After his spinal cord injury, which meant he required a respirator to assist his breathing for the rest of his life. He became very involved in campaigns supporting handicapped children and paraplegics, and founded the Christopher Reeve Paralysis Foundation in 1998 to promote research into spinal cord injuries, testifying before a Senate subcommittee in favor of federal funding for stem cell research.
Reeve continued to work after ongoing rehabilitation. He acted again in films, including a television production of Rear Window (1998) and directed two television films with health themes, In the Gloaming (1997) and The Brooke Ellison Story (2004). His autobiography Still Me appeared in 1998.
Waking up isn’t as tough as it used to be.
For years after the accident, Christopher Reeve’s eyes would snap open at six and, in the morning stillness, with Dana Morosini, his wife, still asleep at his side, he’d have to run through it all again in his head. In his dreams, he was never paralyzed – he’d be skiing and horse riding and sailing, like before – so it took a daily effort of will, there in the silence, to drag himself back to the reality that he couldn’t move his body below the neck, or even feel it.
later he often didn’t wake until the alarm goes off at eight, and then it was straight into his morning routine: he took a bucketful of vitamins, and then his nurse and a helper flexed his legs and arms for at least an hour, keeping them supple and helping to stop them leaping about in uncontrollable spasms. They taped electrodes to his limbs and stimulate his muscles for another hour – he tried to eat breakfast at the same time – and then they washed and dressed him and lifted him into his wheelchair, strapping his arms down to the arm-rests and adjusting the padded support which cradled his head and neck. They connected a pipe to his throat and hooked it up to a ventilator, and they attached a valve that collected his urine in a tube concealed in his right trouser-leg. By that point, it was usually getting on for noon.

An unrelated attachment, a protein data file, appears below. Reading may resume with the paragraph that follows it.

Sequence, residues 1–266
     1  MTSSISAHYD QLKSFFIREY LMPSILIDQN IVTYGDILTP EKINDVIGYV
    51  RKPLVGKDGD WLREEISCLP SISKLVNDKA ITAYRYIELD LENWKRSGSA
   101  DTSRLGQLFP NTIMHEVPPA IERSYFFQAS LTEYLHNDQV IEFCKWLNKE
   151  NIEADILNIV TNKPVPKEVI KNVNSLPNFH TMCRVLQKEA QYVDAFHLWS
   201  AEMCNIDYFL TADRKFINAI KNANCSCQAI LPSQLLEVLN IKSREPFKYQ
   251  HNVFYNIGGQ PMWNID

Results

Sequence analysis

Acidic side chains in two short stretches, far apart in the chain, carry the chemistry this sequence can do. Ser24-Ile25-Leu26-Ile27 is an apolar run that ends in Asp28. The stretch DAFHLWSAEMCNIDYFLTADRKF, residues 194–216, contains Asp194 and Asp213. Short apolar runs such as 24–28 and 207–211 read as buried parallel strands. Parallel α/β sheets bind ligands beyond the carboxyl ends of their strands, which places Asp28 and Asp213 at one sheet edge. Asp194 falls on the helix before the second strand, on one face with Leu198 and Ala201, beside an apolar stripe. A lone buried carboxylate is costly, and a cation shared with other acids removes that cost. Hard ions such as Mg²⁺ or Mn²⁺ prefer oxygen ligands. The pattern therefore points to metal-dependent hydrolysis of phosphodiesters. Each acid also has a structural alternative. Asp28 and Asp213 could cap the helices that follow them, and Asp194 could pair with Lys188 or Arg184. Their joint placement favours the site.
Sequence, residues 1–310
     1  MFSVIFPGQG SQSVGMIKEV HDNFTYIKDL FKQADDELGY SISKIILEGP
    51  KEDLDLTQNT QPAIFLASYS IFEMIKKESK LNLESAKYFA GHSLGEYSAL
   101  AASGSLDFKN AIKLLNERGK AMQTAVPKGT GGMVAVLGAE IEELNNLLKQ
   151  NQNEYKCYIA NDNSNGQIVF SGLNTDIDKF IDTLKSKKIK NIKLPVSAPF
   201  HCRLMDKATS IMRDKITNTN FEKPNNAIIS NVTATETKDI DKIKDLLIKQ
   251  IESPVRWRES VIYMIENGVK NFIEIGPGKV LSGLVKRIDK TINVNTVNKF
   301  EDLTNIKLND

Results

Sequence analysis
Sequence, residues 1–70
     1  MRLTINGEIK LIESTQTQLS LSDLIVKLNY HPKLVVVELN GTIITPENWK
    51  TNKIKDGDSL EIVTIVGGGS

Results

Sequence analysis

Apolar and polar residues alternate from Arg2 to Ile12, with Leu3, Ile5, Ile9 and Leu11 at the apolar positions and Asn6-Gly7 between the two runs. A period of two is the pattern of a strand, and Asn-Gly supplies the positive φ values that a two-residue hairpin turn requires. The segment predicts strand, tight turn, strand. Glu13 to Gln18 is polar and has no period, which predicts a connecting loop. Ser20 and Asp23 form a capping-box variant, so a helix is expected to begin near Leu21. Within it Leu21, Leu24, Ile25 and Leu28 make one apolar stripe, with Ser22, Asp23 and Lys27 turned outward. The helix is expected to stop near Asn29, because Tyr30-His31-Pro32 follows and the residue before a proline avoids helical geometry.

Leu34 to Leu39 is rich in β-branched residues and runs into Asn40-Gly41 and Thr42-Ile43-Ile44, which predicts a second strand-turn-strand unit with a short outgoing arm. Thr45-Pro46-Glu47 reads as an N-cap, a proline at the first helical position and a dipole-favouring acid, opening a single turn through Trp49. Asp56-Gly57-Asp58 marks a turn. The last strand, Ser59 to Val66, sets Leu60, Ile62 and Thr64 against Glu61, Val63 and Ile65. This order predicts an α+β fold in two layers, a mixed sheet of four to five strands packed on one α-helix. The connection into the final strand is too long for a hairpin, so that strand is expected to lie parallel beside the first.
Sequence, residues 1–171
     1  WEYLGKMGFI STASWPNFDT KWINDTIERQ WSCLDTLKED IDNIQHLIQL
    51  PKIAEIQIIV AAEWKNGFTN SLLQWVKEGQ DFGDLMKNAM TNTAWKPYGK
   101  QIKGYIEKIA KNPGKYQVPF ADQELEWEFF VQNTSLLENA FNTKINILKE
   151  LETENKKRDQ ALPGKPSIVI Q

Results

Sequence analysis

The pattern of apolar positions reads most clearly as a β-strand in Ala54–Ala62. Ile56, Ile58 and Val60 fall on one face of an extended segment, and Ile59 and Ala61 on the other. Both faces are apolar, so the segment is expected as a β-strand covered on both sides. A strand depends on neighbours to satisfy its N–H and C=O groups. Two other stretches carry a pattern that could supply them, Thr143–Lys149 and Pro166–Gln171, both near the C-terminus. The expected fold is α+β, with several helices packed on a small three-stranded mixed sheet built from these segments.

“I learned years ago to come to terms with having so much done for me by others,” Reeve says, in a loud, resonant monotone that doesn’t quite drown the hissing inhalation and exhalation of the ventilator. He’s an imposing presence at 6ft 4in, and the wheelchair seat lifts him high off the ground. An air pipe is positioned in front of his face, and he can adjust the chair by blowing on it. His features are pinched, his eyes red-rimmed, but the handsomeness is still there, the good looks that, when he was younger, would have made any career but that of movie star seem profoundly misguided. I am four inches shorter, swallowed up by a low, deep armchair, with the result that Reeve peers down at me from a commanding height as he speaks. It isn’t the way the able-bodied and the wheelchair-bound normally interact.